At the turn of this century, the long truce between Boston’s First and Fourth Estate came to a sudden, shocking end. Back then journalists were, or at least aspired to be, gritty locals who strove for accuracy. A story could be printed not only too late, but too early. If today’s holders of advanced degrees from Medill and Columbia wore caps, it would be appropriate to tip them to those who remain of the dying breed, and to pause for a moment from click bait content creation.

Outside of the Boston Globe offices, the “Spotlight” investigative team assertively asks pointed questions. Interviews amongst themselves usually go like this:

Q. How big is this?

A. Big.

Q. How far up does this go?

A. Far

Q. Who knew?

A. Everybody

No heroic efforts in Vatican catacombs were necessary to find the paper trail of priests molesting young people. The key documents could all be found at the public library, the county courthouse, and the Globe’s own archives. The staff’s old-timers sense that their institution and by extension they themselves have been complicit.

Hollywood focus group testers must’ve determined fifteen years out was ideal timing for this movie. Any earlier and it would’ve been too controversial. Any later and nobody would care anymore.

The producers delayed so long that the movie became a period piece. The props master and set designer had to assemble a newsroom full of clunky PC’s with cathode ray monitors. The location manager faced the formidable task of depicting a Boston without Prius-drivers, selfie-takers, and skinny jeans.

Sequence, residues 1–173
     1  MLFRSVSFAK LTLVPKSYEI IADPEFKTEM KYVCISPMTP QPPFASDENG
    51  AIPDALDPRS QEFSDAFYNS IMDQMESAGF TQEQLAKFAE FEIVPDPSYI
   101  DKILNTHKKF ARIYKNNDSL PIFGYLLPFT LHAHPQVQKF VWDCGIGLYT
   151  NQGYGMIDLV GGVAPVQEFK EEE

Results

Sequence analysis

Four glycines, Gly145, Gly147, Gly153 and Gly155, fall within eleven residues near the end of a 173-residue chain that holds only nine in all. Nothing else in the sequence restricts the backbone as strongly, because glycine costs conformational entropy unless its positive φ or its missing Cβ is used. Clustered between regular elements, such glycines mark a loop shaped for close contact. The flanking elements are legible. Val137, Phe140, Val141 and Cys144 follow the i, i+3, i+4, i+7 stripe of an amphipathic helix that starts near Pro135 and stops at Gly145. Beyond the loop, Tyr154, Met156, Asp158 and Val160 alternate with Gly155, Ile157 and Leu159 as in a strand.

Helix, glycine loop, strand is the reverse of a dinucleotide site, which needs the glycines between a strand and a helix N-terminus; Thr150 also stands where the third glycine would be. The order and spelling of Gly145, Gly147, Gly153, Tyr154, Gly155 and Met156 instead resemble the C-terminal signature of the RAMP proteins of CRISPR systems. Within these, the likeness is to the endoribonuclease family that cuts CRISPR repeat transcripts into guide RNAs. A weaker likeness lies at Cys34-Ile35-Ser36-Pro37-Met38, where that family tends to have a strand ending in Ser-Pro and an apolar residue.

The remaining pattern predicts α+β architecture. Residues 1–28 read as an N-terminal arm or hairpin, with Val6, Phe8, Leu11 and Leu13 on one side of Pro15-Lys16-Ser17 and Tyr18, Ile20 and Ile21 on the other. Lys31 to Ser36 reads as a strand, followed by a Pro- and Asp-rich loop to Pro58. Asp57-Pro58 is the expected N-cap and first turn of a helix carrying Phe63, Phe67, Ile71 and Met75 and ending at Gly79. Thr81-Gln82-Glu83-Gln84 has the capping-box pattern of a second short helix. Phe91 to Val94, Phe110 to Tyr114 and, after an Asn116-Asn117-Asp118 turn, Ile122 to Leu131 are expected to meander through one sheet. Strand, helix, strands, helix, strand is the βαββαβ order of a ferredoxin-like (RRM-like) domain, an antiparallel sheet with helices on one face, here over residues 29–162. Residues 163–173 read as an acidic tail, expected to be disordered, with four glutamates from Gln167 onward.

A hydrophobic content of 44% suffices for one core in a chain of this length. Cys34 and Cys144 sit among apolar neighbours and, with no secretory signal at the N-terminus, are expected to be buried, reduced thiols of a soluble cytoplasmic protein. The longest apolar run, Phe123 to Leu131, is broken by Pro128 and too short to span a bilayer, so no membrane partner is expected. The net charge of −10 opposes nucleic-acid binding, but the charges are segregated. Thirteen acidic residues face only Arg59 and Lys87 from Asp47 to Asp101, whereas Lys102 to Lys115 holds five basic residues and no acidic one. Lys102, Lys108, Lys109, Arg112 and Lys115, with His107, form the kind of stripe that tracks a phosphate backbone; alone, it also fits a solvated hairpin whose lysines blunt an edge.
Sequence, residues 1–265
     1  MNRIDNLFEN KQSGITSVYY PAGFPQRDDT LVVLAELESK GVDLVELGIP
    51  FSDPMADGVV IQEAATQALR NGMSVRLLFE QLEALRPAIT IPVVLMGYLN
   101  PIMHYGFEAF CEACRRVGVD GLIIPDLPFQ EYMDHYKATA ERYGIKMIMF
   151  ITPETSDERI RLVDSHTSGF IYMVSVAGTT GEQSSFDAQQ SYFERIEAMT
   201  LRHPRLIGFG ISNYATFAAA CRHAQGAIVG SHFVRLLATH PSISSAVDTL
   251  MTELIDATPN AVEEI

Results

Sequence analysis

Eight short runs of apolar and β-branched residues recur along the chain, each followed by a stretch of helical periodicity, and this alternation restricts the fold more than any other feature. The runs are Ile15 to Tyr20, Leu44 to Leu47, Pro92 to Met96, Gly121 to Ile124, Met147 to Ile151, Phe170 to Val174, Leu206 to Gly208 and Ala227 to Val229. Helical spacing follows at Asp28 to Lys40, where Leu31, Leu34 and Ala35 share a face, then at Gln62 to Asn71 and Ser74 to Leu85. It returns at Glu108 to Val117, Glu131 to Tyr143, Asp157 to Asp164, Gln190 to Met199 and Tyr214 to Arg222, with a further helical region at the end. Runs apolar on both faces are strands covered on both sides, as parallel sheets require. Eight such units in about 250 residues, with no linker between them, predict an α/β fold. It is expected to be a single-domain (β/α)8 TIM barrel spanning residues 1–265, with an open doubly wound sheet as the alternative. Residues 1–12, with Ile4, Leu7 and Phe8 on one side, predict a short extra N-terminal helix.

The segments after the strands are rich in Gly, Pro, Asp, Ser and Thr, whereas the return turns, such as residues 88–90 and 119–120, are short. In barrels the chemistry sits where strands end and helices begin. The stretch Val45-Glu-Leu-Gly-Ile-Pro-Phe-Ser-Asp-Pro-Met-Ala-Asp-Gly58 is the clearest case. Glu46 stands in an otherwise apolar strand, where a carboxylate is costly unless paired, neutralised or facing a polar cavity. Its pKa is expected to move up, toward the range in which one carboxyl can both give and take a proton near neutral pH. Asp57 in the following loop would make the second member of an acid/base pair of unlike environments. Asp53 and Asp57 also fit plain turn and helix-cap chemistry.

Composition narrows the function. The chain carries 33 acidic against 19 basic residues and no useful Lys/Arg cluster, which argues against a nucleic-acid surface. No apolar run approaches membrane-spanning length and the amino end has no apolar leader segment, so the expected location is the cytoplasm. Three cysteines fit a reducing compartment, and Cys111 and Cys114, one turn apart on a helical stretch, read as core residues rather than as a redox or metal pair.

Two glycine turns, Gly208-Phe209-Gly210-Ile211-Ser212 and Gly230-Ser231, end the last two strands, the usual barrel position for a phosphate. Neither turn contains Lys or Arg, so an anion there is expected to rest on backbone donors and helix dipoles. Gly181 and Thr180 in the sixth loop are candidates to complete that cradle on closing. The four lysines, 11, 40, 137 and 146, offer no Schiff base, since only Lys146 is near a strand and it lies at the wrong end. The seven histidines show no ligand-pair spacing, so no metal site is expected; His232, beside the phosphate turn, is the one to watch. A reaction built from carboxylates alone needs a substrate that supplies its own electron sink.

Leisurely integration of back stories and slick but vapid cinematography, editing, and music suggest there’s great potential here for a TV series that follows the Spotlight team through a new investigation each season.


The Thrill of it All


And Sarah said, God hath made me to laugh, so that all that hear will laugh with me. And she said, Who would have said unto Abraham, that Sarah should have given children suck? for I have born him a son in his old age. —Genesis 21:7

The elderly wife of a soap magnate cackles up and down Fifth Avenue. Her obstetrician (James Garner) has worked a miracle. A three-month prescription cruise with her husband will bear fruit.

The father-to-be invites the obstetrician and his wife (Doris Day) over for a celebratory dinner, complete with round-trip transportation from his personal chauffeur. Minutes after they arrive, he has an epiphany: a Real Housewife, so real that her only hobbies are the PTA and ketchup-bottling, could pitch Happy Soap on TV much better than a chorus girl. A wholesome suburban family of four (plus live-in maid, played by Hollywood veteran ZaSu Pitts) becomes unhappy in its own way. Thank God MILF has yet to enter the lexicon.

Carl Reiner’s script shows a discriminating ear for dialect and a campy zeal for mayhem. Norman Jewison’s direction, of both people and things, combines gentleness and innuendo in a way reminiscent of Lubitsch.

There’s an uncanny resemblance between the lead couple in this movie and that in Eyes Wide Shut (Tom Cruise and Nicole Kidman). Both stories are about a chiseled, successful doctor and blonde, stay-at-home mom whose marriage is threatened by a voyeurist/exhibitionist offer from the capitalist class that can’t be refused.